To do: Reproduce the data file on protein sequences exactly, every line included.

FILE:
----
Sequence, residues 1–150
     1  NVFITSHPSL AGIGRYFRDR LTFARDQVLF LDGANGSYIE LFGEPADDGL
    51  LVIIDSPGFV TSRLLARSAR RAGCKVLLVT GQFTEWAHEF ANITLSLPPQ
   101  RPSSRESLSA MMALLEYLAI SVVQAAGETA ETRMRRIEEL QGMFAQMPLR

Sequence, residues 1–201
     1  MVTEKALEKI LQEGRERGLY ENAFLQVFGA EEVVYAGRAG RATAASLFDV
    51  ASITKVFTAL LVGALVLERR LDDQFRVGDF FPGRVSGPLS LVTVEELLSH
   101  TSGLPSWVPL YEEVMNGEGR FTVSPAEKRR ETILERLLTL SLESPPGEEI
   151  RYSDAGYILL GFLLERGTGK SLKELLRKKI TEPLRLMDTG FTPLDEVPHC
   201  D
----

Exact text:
Sequence, residues 1–150
     1  NVFITSHPSL AGIGRYFRDR LTFARDQVLF LDGANGSYIE LFGEPADDGL
    51  LVIIDSPGFV TSRLLARSAR RAGCKVLLVT GQFTEWAHEF ANITLSLPPQ
   101  RPSSRESLSA MMALLEYLAI SVVQAAGETA ETRMRRIEEL QGMFAQMPLR

Sequence, residues 1–201
     1  MVTEKALEKI LQEGRERGLY ENAFLQVFGA EEVVYAGRAG RATAASLFDV
    51  ASITKVFTAL LVGALVLERR LDDQFRVGDF FPGRVSGPLS LVTVEELLSH
   101  TSGLPSWVPL YEEVMNGEGR FTVSPAEKRR ETILERLLTL SLESPPGEEI
   151  RYSDAGYILL GFLLERGTGK SLKELLRKKI TEPLRLMDTG FTPLDEVPHC
   201  D